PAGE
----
How uncertainty could help a machine hold a more eloquent conversation
An approach to artificial intelligence that embraces uncertainty and ambiguity could paradoxically help make future virtual assistants less confused.
Gamalon, an AI startup based in Cambridge, Massachusetts, developed the new technique for teaching machines to handle language, and several businesses are now testing a chatbot platform that uses it.
The approach lets a computer hold a more meaningful and coherent conversation by providing a way to deal with the multiple meanings that an utterance might convey. If a person says or types something ambiguous, the system makes a judgment about what was most likely meant.
Today’s virtual assistants and chatbots typically follow simple rules in order to respond to questions. Recent advances in statistical machine learning can add some flexibility by, for example, letting a machine find an answer to a question by searching through large amounts of text. However, both these approaches can fall victim to the vast complexity and ambiguity of meaning often encoded in language (see “AI’s language problem”).
Gamalon’s founder and CEO, Ben Vigoda, told MIT Technology Review his company’s approach also relies on rules and machine learning, but it adds a probabilistic technique to the mix, synthesizing programs that handle probabilities automatically (see “AI software juggles probabilities to learn from less data”). In practice, this means the system can deal with uncertainty by making its best guess about what someone means. It also provides a conversational memory: you could ask “What about tomorrow?” after previously asking what the weather is like today.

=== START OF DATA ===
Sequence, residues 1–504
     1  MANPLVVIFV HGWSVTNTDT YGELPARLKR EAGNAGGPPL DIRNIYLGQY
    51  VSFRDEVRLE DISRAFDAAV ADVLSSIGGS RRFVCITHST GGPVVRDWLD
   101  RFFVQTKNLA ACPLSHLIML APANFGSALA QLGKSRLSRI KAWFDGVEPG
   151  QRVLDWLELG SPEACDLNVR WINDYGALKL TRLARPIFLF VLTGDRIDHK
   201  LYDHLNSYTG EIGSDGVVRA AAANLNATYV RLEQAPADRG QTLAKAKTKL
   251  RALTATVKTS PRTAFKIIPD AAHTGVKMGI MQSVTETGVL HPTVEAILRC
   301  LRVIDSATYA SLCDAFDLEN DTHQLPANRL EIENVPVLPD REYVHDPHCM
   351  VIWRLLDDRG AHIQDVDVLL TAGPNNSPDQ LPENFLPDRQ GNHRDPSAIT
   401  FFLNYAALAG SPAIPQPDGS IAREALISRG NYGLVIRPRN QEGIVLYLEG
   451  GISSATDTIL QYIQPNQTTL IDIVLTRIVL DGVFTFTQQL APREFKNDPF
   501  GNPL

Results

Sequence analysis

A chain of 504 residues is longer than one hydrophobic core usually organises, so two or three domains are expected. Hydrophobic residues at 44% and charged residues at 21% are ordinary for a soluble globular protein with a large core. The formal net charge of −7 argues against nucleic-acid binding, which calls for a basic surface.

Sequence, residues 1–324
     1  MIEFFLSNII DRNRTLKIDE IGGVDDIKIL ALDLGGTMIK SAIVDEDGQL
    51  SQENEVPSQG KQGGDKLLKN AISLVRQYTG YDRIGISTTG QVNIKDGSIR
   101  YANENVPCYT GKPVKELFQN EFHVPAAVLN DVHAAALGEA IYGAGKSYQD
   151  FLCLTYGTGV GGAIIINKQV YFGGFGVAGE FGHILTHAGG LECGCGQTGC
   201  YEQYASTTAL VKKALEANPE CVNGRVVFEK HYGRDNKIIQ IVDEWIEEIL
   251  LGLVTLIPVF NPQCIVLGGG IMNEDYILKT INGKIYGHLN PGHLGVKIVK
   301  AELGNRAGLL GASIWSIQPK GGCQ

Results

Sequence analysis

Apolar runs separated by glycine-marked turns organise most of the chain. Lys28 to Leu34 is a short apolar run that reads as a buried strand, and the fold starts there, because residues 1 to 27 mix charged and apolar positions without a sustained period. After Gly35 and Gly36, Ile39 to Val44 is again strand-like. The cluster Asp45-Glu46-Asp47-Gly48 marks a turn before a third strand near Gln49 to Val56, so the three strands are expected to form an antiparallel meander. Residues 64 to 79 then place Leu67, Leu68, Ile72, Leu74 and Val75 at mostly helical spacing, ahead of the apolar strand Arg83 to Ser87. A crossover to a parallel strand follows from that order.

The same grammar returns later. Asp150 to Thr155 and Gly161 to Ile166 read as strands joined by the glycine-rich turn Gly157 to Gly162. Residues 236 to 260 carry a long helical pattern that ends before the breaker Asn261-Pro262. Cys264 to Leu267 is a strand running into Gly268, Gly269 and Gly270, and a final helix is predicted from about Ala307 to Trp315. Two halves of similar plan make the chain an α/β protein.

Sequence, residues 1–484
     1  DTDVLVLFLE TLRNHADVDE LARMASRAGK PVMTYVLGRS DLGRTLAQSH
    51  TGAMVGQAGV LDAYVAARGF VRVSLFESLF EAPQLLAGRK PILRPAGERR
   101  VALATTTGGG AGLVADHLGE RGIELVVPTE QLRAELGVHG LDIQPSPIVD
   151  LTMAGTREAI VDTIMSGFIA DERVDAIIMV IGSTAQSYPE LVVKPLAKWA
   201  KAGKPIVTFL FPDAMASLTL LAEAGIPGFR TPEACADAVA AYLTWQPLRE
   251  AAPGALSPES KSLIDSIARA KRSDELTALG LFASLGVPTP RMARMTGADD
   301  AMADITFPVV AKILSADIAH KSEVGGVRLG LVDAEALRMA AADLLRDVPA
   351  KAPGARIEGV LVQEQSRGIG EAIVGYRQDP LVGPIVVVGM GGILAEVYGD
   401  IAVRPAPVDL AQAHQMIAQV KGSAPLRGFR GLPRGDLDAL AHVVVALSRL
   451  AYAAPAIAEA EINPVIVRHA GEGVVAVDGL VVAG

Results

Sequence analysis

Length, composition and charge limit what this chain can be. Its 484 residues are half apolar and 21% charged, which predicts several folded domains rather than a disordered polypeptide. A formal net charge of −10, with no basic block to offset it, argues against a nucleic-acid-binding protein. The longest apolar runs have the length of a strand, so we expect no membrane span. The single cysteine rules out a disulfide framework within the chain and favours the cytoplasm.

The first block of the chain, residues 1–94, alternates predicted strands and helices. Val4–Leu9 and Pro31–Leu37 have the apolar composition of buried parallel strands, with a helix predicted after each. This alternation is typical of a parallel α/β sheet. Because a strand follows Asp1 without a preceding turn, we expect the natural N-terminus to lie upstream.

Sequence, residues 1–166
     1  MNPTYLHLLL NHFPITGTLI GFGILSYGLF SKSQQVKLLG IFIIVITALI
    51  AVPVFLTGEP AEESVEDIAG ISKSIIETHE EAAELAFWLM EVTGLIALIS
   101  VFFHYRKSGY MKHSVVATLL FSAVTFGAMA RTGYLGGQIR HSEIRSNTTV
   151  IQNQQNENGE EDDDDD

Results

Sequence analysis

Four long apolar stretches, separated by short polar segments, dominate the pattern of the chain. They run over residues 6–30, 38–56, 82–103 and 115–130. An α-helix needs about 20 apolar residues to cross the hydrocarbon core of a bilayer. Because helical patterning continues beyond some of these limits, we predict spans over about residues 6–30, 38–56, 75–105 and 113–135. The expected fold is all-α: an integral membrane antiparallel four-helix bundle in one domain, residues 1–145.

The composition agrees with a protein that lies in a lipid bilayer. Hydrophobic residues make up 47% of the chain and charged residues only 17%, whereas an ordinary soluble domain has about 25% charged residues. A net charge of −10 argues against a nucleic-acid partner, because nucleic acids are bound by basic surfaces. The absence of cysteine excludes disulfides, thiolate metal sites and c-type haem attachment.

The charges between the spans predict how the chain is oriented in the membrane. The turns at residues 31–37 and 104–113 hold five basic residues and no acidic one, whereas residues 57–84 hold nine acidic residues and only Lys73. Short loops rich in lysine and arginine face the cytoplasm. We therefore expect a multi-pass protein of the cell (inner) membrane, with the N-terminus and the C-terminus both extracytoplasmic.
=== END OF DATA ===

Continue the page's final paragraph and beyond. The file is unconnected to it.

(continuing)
Vigoda says the approach lets a machine learn from a smaller amount of data and reduce the rate of errors. It can also show why the machine responded the way it did. “Language isn’t really like a decision tree,” Vigoda says. “This is trying to be more like a person.”
Gamalon has also created an interface that lets ordinary users interact with the system. They can build a powerful chatbot by defining a tree of options for a conversation, letting the underlying system deal with the various different ways the dialogue might unfold. The technology is currently being tested by several companies.
Gamalon is unusual among AI companies in the way it is training machines to perform useful tasks. However, a growing number of experts believe that new techniques may well be needed to achieve significant further progress (see “Is AI riding a one-trick pony?”).
Any advances in natural-language processing could have a big commercial and practical impact. Voice assistants like Alexa or Siri represent very convenient new way to interact with computers, but they are extremely limited in how they use language. Unless you talk carefully, using voice assistants and chatbots can be a pretty infuriating experience.
David Blei, a professor at Columbia University, says Gamalon’s approach brings together several important emerging themes in machine learning. He says the idea of making AI systems more interactive and explainable is especially exciting. “Interactive machine learning is about bringing the human into the loop,” he says. “This is a very realistic way to imagine augmented intelligence could work.”
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